Cyntoia Brown was prostituted as a teenager and convicted for a 2004 murder at just 16 years old. In 2019 she was granted clemency — and a second chance.
Cyntoia Brown was just 16 years old when she was sentenced to life in prison for the murder of 43-year-old Johnny Allen, who she shot in the back of the head while they were in bed together.
Brown, who has maintained that she was forced into prostitution at an early age and scared for her life, was subsequently charged with first-degree murder and aggravated robbery in 2004. She was tried as an adult and then convicted and sentenced to life in prison, not eligible for parole until the age of 67.
But Brown’s case eventually become a topic of controversy, with a number of celebrities and justice reform advocates speaking out against her sentencing. Snoop Dogg, Lebron James, and more drew attention to her case, and she became the subject of a high-profile documentary.
A clemency hearing in 2017 received wide public attention, and then in 2019, Tennessee Gov. Bill Haslam commuted her sentence. But Brown’s story is far from over: She travels the country and advocates on behalf of victims of sex trafficking. However, some in law enforcement maintain that Brown was far from a victim.
Cyntoia Brown Goes On Trial For The Murder Of Johnny Michael Allen
At her 2004 trial, Brown said that Allen had solicited her for sex at a Sonic in East Nashville, Tennessee, and taken her back to his house. Prosecutors said that Brown shot Allen in the head while he was asleep and stole his money, guns, and fled in his truck.
Prosecutors never argued that Allen had good intentions — rather, they admitted he did indeed pick her up for sex. Prosecutor Jeff Burks told a local FOX affiliate, “That was a fact from start to finish.”
Still, they alleged that Brown knew exactly what she was doing, and her motive was robbery.
“I think she did what she wanted to do, and unfortunately on this night what she wanted to do was kill him and take his stuff,” Burks said.
Brown maintained that she had committed the act in self-defense as she was “scared for her life” by Allen’s behavior.
She insisted that she took his money because she was afraid of returning empty-handed to her pimp, “Kut-Throat.” In the end, she was tried as an adult and convicted of murder and robbery. But her being tried as an adult at the age of just 16 has been seen by many as problematic.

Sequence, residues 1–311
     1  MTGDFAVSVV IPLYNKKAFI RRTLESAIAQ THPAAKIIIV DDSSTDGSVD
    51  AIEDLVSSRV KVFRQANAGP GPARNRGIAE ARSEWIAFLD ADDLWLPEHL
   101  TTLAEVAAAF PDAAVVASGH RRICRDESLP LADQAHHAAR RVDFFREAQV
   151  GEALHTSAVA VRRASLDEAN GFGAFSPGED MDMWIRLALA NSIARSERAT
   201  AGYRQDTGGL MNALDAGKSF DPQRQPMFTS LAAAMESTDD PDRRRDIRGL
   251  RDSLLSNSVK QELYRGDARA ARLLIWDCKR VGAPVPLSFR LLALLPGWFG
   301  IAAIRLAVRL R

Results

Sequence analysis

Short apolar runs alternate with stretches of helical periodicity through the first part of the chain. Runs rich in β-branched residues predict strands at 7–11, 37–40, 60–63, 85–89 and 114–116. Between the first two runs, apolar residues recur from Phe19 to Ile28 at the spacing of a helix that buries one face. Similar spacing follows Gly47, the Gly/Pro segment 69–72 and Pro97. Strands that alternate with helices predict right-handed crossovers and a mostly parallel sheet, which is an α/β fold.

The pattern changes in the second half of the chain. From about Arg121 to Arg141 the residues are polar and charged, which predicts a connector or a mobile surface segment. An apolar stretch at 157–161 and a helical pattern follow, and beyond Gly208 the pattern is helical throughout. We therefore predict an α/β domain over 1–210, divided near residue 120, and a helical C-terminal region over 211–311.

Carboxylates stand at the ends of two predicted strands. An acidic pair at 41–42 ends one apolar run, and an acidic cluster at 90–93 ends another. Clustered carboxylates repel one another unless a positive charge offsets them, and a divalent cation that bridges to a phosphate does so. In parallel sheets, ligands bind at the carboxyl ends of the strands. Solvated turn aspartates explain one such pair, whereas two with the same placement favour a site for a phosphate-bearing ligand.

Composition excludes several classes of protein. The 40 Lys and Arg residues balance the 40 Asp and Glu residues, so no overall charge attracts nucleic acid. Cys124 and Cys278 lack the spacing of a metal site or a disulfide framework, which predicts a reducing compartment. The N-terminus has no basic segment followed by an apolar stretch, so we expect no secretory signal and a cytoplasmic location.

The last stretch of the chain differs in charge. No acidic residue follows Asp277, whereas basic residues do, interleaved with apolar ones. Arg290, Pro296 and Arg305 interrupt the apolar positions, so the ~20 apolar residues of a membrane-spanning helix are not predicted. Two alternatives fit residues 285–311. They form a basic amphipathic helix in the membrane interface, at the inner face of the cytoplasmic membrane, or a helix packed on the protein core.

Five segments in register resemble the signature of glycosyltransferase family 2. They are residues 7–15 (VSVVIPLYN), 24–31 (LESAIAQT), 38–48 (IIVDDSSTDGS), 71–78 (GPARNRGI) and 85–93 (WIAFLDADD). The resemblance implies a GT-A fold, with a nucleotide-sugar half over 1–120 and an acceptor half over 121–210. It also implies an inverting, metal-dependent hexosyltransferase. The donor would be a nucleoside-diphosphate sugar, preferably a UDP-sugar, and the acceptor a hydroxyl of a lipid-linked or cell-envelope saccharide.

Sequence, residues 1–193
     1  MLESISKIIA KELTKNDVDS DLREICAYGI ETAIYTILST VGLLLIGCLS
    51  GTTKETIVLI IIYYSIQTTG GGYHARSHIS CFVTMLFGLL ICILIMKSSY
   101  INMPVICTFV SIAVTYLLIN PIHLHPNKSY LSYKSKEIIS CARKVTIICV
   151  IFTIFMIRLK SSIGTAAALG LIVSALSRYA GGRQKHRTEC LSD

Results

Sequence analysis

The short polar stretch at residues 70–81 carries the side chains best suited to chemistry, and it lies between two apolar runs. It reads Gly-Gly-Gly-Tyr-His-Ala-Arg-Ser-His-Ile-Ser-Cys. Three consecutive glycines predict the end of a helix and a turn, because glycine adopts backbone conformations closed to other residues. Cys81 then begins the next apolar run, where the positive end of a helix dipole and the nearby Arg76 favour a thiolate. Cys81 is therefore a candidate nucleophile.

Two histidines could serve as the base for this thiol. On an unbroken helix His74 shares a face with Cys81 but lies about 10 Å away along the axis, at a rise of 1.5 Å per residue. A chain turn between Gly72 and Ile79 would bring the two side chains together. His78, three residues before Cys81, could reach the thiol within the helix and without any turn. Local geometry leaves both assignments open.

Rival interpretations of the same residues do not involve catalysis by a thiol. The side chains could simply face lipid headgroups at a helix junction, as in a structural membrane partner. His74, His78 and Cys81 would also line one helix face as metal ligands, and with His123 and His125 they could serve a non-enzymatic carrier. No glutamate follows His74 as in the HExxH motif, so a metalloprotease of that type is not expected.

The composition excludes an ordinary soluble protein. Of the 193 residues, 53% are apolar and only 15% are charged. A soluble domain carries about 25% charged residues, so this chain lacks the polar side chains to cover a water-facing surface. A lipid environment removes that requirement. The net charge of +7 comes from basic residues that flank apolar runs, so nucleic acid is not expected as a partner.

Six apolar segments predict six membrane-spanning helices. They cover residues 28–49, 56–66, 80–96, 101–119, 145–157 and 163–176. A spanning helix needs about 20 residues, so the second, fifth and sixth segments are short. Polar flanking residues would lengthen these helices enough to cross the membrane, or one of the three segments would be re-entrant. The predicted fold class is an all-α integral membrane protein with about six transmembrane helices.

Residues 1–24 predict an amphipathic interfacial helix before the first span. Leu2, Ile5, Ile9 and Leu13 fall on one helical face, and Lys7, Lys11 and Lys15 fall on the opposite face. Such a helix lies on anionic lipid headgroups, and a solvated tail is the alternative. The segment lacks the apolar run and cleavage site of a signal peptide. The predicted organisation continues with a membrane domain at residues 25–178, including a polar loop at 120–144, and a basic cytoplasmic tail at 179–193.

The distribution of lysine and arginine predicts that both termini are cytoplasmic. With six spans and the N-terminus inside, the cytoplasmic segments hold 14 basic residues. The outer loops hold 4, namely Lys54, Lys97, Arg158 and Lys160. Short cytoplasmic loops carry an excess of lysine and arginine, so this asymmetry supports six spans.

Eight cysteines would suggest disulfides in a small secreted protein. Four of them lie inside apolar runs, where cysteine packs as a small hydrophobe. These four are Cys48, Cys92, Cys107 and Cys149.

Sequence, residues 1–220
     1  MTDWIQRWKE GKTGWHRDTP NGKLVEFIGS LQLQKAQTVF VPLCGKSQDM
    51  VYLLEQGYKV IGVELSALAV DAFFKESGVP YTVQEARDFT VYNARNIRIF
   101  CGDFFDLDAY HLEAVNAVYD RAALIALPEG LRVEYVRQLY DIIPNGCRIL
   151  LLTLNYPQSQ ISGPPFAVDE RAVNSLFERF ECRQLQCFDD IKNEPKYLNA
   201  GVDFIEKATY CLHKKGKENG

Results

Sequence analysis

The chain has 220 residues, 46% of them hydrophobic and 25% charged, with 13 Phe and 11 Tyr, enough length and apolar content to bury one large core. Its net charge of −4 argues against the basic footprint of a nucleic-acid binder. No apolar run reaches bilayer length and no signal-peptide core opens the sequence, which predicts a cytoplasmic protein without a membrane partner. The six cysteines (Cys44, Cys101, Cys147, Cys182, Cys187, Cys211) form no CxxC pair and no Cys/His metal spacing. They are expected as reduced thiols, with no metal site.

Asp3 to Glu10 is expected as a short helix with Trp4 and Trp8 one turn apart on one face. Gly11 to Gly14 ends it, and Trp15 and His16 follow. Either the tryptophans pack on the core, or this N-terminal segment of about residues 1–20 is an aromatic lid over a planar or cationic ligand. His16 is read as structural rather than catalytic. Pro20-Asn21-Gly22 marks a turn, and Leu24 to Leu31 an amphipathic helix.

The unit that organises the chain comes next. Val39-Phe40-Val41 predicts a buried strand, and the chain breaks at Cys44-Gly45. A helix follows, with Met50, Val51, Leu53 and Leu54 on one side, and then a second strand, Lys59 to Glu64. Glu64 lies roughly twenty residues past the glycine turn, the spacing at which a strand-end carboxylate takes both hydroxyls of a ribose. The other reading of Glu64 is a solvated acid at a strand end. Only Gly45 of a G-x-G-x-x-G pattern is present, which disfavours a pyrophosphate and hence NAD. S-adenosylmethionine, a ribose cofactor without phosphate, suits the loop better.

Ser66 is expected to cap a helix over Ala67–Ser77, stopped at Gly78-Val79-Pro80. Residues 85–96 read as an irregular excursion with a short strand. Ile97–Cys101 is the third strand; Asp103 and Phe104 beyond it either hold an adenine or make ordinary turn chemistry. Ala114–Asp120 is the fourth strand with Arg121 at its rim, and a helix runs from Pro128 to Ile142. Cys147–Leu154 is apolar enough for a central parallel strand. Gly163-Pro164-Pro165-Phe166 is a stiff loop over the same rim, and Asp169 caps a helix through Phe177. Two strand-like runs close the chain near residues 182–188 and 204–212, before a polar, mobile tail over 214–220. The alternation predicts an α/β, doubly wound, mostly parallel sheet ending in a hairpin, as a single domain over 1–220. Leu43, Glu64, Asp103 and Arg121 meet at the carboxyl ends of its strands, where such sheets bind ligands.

Cyntoia Brown Is Set Free — Sparking Controversy
Since then, a 2011 documentary about her case, a 2016 PBS series, as well as a U.S. Congressman and celebrities like Ashley Judd, Rihanna, and Kim Kardashian West have used Brown’s case as an example of the failures of the American justice system in supporting and protecting children. Many have even asked for clemency for Brown, who, they posited, was a victim herself and did not deserve her punishment.
While imprisoned, Cyntoia Brown also made what the governor felt was a complete rehabilitation. She completed her GED and received a college degree from Lipscomb University.
Furthermore, Bishop Joseph Walker III, a pastor at Nashville’s Mt. Zion Baptist Church, reported that Brown “has become the face of an unfair system that historically dealt harshly with black and brown perpetrators of crime.”
Derri Smith, founder of the anti-sex-trafficking non-profit End Slavery Tennessee, said that “We know today there’s no such thing as a teen prostitute … because it’s pretty clear there’s an adult behind who’s manipulating and exploiting her.”
Evidently, Gov. Bill Haslam agreed and granted the now 30-year-old Cyntoia Brown clemency as one of his last acts in office.
“This decision comes after careful consideration of what is a tragic and complex case,” Haslam said.
“Cyntoia Brown committed, by her own admission, a horrific crime at the age of 16. Yet, imposing a life sentence on a juvenile that would require her to serve at least 51 years before even being eligible for parole consideration is too harsh, especially in light of the extraordinary steps Ms. Brown has taken to rebuild her life. Transformation should be accompanied by hope.”
The Tennessee law surrounding the conviction of juveniles has changed since Brown’s case in such a way that legal experts claim were she tried today, Brown would not have received the same sentence.
“Our courts today would view her as a child sex slave… she would be viewed as a victim,” reported CNN.
Pastor Walker, looking ahead to Brown’s release, said at the time that she was welcome to work in his church once she was out.
“I learned that my life was — and is — not over,” Cyntoia Brown said. “I can create opportunities where I can actually help people,” and added to Gov. Haslam, “My hope is to help other young girls avoid ending up where I have been.”
After being granted her freedom, Brown and her husband, Jaime Long, created a nonprofit, called the Foundation for Justice, Freedom, and Mercy.
“I look forward to using my experiences to help other women and girls suffering abuse and exploitation,” Brown said in a 2019 CNN interview.
After this look at the story of Cyntoia Brown, read up on the Florida man who tried to barbecue child molesters. Then, discover the gruesome case of the 10-year-old Wisconsin girl who was charged with murder and tried as an adult.